How To Avoid Hiring Your TV as Your Babysitter

As a homemaker, I’ve embraced the responsibility of managing our home. This means that planning and prepping meals, maintaining a functional kitchen, staying on top of the laundry, deep cleaning toilets, etc., falls on me.

As a stay-at-home mom, I’ve embraced the reality of daily chaos. This means that I’m somehow expected to do all the household tasks with a high-energy toddler added to the mix; one who refuses to eat his dinner, dumps all 19 of his Hot Wheels in the dirty kitchen sink, bangs on the dryer drum like it’s a drum set, switches the light off and on while I’m helplessly in the bathroom, etc.

Sometimes balancing it all can be quite overwhelming.

All too often, this weariness has left me scrambling to find a toddler-sized pacifier that will allow me to have a few minutes of peace to do this or that, all the while preventing another mess from being created simultaneously. Enter, the television.

For me, these well-intended moments of weariness can easily turn into hours which can quickly turn in a daily habit of streaming multiple shows for my child if I’m not mindful… simply because it’s easier to get things done that way.

Hear me out, I’m not saying that T.V. will ruin our children if safe shows are watched in moderation. But I’ve been convicted of my propensity to flick on the tube as habitually as fixing my son lunch just so I can accomplish each of my preferred chores without difficulty.

To resist this tendency, I must be creative and I certainly must be intentional. Here are a few tips I’ve implemented to keep my television off the payroll as a babysitter for my toddler:

 1. Perspective is everything.

It’s so easy to feel inconvenienced or worn out by constantly changing diapers and wiping noses. When I remember that as mother I am the shepherd of precious souls, my stamina is reinvigorated. And I’m also more sensitive to discerning God’s priorities for me each day. Many days, I heap stress onto myself by demanding that I accomplish duties God never asked me to. Inevitably, it’s my son who suffers from this. Being willing to “let go” of unnecessary tasks allows me to exchange his time in front of the television with time spent building Legos on the floor and memories with Mom.

2. Get sufficient rest.

I’m preaching to myself on this one. I know that indulging in a late night pampering yourself or spent with your hubby after the kiddos go to bed is so much more fun than sleeping. But I have noticed, and even been convicted, that my productivity as a mom (and wife) is so much greater on the days following a good night’s sleep. When I’m not as exhausted, I feel less in need of any vain “crutch” to help me balance my day.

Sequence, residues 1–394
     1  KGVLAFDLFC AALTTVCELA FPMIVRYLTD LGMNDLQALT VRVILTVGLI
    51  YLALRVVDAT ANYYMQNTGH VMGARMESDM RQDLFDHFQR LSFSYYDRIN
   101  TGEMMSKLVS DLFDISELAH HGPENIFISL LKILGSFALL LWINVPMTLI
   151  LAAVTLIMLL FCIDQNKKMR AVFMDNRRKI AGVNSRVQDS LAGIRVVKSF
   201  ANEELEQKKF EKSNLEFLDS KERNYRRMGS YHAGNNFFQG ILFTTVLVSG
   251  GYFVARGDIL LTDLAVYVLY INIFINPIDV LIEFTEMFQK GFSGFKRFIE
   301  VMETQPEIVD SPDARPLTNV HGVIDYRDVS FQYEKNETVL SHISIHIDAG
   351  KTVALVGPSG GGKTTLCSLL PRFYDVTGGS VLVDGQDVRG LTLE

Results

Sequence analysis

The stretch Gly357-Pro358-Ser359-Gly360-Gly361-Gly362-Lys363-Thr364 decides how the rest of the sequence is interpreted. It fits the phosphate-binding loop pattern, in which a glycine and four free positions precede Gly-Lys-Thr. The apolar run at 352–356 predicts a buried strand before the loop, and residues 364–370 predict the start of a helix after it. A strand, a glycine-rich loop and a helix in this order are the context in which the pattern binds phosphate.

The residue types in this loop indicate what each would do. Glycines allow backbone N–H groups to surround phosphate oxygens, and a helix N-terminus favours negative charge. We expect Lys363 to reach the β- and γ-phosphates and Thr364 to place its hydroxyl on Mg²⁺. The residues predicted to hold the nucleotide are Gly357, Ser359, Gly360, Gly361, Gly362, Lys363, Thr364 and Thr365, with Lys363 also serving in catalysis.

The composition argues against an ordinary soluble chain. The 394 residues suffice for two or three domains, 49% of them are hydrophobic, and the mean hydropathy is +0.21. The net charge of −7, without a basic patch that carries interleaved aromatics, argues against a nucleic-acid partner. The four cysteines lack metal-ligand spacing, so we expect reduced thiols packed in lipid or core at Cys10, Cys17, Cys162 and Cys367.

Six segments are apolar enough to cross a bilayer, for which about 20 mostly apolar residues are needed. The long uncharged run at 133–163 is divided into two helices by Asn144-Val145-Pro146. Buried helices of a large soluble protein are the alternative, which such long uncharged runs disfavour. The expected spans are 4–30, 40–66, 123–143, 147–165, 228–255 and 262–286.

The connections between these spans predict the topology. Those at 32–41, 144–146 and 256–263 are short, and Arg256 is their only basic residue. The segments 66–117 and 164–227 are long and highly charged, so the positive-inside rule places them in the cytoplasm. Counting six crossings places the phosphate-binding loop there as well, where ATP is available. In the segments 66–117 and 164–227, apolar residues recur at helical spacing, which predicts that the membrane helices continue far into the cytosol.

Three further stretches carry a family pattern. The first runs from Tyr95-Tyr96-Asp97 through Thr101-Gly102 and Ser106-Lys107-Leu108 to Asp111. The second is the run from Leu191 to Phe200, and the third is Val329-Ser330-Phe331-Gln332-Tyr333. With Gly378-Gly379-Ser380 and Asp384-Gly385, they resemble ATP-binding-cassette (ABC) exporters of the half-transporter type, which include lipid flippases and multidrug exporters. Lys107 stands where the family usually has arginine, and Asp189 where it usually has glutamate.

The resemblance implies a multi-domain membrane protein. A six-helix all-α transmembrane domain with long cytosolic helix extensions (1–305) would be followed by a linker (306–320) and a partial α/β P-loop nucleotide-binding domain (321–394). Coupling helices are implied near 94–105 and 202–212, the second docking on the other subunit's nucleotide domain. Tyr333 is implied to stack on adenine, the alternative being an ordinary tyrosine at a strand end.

3. Let them “help”.

Perfectionists, this one’s especially for us! My little guy is entering the stage of wanting to help Mommy with chores. Theoretically, this is great! He is more than happy to empty the clothes from the (cooled down) dryer and dump them in our living room’s “comfy chair”. While involving him isn’t the tidiest, most efficient approach to getting household duties done, what it does accomplish is even more significant. It trains him to joyfully serve others, and allows him to gain confidence in simply being able, an important quality for any aspiring leader to cultivate.

4. Sit them at the table.

My biggest Little Guy is fairly independent. Meaning, he’s usually content to sit alone if I provide an exciting activity for him and I don’t venture too far out of his sight. Thank God for our centrally-located kitchen table! Offering a snack that’s slow to eat, such as a popsicle or a whole apple with a few “starter bites” in it can usually buy me at least 15 minutes of uninterrupted time during which I can fill the dishwasher, sweep the floor before guests arrive, or simply take a breather. Coloring books, too, can keep my son contented.

5. Remember to discipline.

They may not be very articulate, but our precious “two-nagers” understand a lot more than we give them credit for. I’m convinced they know when they’re creating deliberate messes for us to clean up. Momma, if your child knowingly disregards any clear instruction you’ve given (such as to not rub Greek yogurt all over his body—hypothetically speaking, of course!), then it is your responsibility to respond with discipline. Being intentional to convey the necessity of obedience benefits so much more than merely warding off messes; God tells us that discipline eventually drives out the folly that is bound up in our children![1]

Simply being able to wear jammies while doing it doesn’t make housewifin’ and mommyin’ any easier. We need God’s wisdom and humility each day to make decisions that ultimately prefer our husbands and children. By God’s grace, we’ll continue to forsake what’s easier now for what’s most eternally significant.

“Turn my eyes away from looking at vanity;

And revive me in Your ways.”

Psalm 119:37

[1] Proverbs 22:15

3 thoughts on “How To Avoid Hiring Your TV as Your Babysitter”

  1. Lennie B. Knight says:

    So true, Jillian! Joy is amplified with an eternal perspective while doing all to the glory of God though Christ alone!

    1. Jillian McNeely says:

      Yes, great reminder, Mrs. Knight… The difficult things bring us joy when they are approached God’s way!

  2. Juanita says:

    Love this! So proud of you Jillian. You are a very good mother. Shiloh and Thaddeus are so fortunate to have you as their mommy.
    Love you!
    Mother in love